Suspect in Kansas shootings faces murder charges

Oklahoman Modified: April 15, 2014 at 3:39 pm •  Published: April 15, 2014

OVERLAND PARK, Kan. (AP) — The white supremacist charged in shootings that left three people dead at two Jewish community sites in suburban Kansas City made his first court appearance Tuesday.

Wearing a dark, sleeveless anti-suicide smock, Frazier Glenn Cross sat in a wheelchair as he was escorted to a video room for the hearing. He stood under his own power to face the judge, crossing his arms and speaking only when answering routine questions from the judge. He requested a court-appointed lawyer.

Cross is being held on $10 million bond and his next court appearance is scheduled for April 24.

Physician William Lewis Corporon, 69, and his 14-year-old grandson, Reat Griffin Underwood, were shot and killed outside of the Jewish Community Center of Greater Kansas City. Both were Methodist. Moments later, Terri LaManno, a 53-year-old Catholic occupational therapist and mother of two, was gunned down outside Village Shalom, a Jewish retirement complex where she was visiting her mother.

In Kansas, one of the narrow circumstances in which capital murder cases are pursued includes the intentional killing of more than one person in “the same act or transaction or in two or more acts or transactions connected together or constituting parts of a common scheme or course of conduct.”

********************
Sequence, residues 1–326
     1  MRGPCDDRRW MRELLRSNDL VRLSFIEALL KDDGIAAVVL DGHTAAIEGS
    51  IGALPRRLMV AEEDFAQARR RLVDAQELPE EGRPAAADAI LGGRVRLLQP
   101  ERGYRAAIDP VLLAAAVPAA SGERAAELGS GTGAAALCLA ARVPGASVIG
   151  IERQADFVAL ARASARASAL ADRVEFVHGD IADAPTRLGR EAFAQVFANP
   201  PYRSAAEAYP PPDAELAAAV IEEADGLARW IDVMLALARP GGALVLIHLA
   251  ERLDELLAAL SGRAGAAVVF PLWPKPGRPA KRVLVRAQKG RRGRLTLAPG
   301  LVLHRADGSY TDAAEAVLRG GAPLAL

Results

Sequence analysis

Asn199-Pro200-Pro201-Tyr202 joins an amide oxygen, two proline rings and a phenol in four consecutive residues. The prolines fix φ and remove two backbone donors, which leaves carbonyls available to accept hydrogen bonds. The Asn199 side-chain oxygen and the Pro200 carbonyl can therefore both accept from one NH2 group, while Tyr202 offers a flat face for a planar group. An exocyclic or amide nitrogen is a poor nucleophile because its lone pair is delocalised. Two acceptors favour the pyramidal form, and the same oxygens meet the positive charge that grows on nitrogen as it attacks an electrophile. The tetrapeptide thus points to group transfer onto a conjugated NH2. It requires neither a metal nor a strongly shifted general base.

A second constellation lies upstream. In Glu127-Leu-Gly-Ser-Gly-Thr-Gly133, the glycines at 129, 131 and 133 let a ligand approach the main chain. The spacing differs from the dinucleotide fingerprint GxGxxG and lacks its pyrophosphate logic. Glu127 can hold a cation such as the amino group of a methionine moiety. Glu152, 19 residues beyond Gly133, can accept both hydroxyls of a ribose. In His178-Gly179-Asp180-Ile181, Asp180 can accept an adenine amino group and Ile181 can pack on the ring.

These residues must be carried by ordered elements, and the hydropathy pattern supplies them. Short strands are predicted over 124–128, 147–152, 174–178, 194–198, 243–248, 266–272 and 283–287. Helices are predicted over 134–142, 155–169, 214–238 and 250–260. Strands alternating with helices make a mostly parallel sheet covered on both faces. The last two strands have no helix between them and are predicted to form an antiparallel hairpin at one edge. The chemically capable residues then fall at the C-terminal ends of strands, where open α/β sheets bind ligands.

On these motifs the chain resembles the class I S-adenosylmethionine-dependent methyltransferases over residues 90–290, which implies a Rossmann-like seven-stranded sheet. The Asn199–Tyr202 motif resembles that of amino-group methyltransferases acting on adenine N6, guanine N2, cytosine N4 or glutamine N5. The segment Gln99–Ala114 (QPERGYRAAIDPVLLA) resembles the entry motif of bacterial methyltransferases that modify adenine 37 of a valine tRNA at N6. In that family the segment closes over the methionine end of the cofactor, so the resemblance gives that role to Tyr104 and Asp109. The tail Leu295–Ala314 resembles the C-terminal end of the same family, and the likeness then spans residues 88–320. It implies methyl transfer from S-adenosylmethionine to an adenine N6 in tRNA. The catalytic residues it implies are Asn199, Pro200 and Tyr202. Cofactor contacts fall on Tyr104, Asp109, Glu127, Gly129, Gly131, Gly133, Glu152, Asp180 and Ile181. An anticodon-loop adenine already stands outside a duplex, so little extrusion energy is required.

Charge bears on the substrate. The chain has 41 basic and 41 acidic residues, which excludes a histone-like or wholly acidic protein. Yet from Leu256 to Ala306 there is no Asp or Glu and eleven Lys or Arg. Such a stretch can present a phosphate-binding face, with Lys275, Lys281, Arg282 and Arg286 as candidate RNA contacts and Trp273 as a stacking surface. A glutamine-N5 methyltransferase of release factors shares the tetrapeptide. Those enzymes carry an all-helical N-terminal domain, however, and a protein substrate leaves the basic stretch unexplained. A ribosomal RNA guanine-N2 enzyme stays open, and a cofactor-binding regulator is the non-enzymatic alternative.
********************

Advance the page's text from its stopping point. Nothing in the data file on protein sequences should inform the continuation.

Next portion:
In this case, a single charge was applied to the deaths of Corporon and his grandson because the deaths occurred in a very short period of time as part of the same act, prosecutors said. LaManno’s death doesn’t meet the standard for capital murder, Johnson County District Attorney Steve Howe said, but he would not provide details or evidence gathered in the case to explain why.

Federal prosecutors say there’s enough evidence to warrant putting the case before a grand jury as a hate crime, but U.S. Attorney Barry Grissom said Tuesday that federal charges were likely a week or more away. Cross’ state case would have to be resolved before he could be moved to a federal trial.


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